After reading so many motivational blogs about waking up at 5 AM, I had to try it once.
My eccentric character didn’t allow me to let go of this. So, I tried.
On the night of 13th March 2017, I set my alarm for 4 AM and turned off my room’s light at 10 PM. Guess what?
On 14th March 2017, I woke up at 4 AM sharp.
There wasn’t anything going well with me in that phase, so I decided why not take charge of my life?
I woke up and started watching a movie. What a productive activity!
The focus for the first day was to wake up at 4 AM. That’s it. I knew I’m not going to be a habit-master in just one day.
I spent that day yawning and searching for some more good habits that I can try out before sunrise.
So, the next day, after waking up at 4 AM again, I had a cup of green tea and spent an hour reading a good book. Once the sun was up, I went out for a morning walk.
That’s how I started developing new and productive habits, and a life-long chase of my self-care journey.
Understanding the science behind habits
First of all, what’s a habit?
A habit is an action that you take on a repeated basis with little or no required effort or thought. The power of habit lies in the second part of the definition- the bit about no required effort or thought.
You unlock the door of a room, and the first thing you do is to turn on the light. It’s a habit.
You brush your teeth every morning, that’s a habit.
How long does it take to make a new habit?
A lot of studies confirm that it takes 21-days to completely develop a new habit, while other studies state that it takes 66 days.
The truth is, it depends on person to person and is subjected to the new habits you are trying to develop.
The key is to start today and repeat tomorrow.
As simple as that.
Don’t chase motivation. Make habits.
Motivation is a temporary boost in your willpower.
Do you want to start reading books? Pick up a book and read 1 page right now.
Do you want to lose weight? Get ready and go out for a brisk walk.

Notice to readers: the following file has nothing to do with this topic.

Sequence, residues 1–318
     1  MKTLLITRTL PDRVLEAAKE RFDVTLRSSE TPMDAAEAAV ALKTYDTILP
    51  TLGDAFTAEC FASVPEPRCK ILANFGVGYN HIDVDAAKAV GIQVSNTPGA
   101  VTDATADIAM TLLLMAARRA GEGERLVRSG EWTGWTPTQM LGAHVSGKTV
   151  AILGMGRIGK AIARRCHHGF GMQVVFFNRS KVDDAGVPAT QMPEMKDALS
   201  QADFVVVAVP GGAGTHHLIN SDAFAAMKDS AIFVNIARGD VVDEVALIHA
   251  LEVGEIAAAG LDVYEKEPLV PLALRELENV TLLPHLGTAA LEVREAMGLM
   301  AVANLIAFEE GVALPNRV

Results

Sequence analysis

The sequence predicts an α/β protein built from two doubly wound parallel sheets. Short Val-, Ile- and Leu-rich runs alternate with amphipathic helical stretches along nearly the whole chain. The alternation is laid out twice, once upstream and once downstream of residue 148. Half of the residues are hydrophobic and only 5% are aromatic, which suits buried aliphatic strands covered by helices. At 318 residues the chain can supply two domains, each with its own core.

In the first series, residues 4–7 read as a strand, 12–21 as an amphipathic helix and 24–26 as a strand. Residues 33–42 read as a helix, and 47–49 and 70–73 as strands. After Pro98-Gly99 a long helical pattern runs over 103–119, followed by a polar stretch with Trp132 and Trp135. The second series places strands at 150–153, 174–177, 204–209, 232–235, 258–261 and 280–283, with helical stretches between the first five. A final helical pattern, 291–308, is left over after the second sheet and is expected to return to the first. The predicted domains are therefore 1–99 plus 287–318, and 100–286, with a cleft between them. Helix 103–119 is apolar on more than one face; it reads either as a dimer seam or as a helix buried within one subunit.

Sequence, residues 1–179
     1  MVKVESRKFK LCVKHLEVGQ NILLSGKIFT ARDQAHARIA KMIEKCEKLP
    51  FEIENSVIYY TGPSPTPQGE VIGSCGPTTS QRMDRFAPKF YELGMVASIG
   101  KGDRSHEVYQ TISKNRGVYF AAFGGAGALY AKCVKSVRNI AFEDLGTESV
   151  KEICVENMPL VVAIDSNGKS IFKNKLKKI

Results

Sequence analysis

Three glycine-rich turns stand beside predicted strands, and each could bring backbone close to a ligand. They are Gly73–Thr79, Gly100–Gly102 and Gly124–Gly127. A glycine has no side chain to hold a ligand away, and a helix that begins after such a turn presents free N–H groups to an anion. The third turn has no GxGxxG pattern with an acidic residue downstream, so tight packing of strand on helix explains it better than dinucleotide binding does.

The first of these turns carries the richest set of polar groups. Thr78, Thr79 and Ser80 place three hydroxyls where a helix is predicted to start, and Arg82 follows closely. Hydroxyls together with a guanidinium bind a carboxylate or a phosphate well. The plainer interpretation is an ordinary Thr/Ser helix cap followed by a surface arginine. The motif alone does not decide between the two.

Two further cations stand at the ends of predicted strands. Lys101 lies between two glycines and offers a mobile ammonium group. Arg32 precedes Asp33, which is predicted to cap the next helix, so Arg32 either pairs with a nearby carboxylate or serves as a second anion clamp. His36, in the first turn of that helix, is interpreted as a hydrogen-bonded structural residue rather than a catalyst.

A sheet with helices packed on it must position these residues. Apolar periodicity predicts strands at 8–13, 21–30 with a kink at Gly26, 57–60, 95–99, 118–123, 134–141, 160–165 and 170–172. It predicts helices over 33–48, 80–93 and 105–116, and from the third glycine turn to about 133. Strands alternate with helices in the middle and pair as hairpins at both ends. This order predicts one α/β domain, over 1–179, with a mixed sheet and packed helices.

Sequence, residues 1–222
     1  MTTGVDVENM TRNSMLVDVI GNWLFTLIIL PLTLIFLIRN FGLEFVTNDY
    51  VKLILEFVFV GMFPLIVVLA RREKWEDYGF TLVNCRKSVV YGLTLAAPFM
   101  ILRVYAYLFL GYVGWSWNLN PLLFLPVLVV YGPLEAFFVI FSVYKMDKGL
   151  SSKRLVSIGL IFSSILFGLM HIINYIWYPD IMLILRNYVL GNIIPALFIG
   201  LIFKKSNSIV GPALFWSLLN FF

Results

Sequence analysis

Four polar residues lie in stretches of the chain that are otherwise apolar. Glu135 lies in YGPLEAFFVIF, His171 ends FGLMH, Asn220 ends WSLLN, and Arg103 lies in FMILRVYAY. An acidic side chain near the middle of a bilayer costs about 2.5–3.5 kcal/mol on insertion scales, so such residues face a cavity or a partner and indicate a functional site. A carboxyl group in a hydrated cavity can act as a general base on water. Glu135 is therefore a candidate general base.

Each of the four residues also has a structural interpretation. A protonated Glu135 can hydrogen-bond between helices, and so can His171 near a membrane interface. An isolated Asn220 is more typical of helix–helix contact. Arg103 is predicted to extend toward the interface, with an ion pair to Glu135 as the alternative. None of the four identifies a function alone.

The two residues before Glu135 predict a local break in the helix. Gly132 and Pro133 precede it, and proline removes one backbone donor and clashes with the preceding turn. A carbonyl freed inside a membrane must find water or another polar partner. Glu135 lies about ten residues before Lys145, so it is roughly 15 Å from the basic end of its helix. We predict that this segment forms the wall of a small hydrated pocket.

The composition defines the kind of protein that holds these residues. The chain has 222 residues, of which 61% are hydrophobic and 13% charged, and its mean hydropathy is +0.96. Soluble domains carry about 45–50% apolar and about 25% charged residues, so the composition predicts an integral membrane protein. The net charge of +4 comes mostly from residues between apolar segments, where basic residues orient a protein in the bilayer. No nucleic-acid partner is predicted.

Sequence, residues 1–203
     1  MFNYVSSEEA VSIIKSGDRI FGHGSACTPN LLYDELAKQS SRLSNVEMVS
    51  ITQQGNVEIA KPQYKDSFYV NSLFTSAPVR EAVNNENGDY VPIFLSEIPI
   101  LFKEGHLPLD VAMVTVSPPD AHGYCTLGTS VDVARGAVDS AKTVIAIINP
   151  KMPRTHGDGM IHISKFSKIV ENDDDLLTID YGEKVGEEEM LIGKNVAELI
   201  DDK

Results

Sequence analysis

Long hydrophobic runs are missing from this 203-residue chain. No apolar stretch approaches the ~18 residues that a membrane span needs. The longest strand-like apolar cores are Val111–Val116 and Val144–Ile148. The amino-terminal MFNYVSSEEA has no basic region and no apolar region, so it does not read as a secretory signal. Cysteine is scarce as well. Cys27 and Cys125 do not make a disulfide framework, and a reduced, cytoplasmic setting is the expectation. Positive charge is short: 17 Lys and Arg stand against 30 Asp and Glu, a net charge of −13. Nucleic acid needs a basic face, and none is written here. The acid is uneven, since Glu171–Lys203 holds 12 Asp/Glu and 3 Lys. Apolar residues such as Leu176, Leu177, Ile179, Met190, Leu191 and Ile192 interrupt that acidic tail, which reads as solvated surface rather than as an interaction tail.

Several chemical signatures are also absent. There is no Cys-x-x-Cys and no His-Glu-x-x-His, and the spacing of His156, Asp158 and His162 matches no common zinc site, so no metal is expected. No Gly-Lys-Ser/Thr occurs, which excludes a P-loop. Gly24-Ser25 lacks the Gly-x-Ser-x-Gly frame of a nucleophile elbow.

Do you want to save more money? Note and track down all the money you spent today.
Many people think they lack motivation when what they really lack is clarity.
Creating new habits with goals in mind
What do you want to do? What do you want to achieve? What do you want to become?
Habits are like the atoms of our lives. Each one is a fundamental unit that contributes to your overall improvement.
(~James Clear, Atomic Habits)
There are two types of people: those who can add any new habits easily, and those who can eliminate the old bad habits easily.
Like, some people may find it easy to add healthy food articles in their diet, and some people can find it easier to stop eating junk.
Let’s say you want to be a better writer or a better singer or maybe you want to get six-pack abs. Or maybe you want to read more books.
Your habits would be to write regularly, practice singing regularly, and hitting the gym and eating healthy regularly.
Don’t target results, target processes.
Getting a six-pack ab is a result-oriented approach. Working out every day is a process.
Getting 1 Million followers on your social media profiles is a result-oriented approach. Creating quality content every day is a process.
Most of the time, results are not in our hands. Showing up to work and doing our end of the task is in our hands.
Tracking your habits
If you can’t track your progress, it’s better not to do it all.
How are you going to keep track of your habit?
Commit to a number.
If you want to develop a habit of writing, make a commitment that you’ll write X amount of words every day or every week.
That being said, you have to start small and develop mini-habits.
You can’t, (in fact, you can, but you shouldn’t) commit to an unrealistic goal on day one.
Your commitment should too small to say no to.
We don’t notice small changes because their immediate impact is negligible.
If you are fat today, and you run for 1 hour… you’d still be fat tomorrow.
But if you repeat running daily for half an hour, over a period of time, you’ll see visible changes in your body.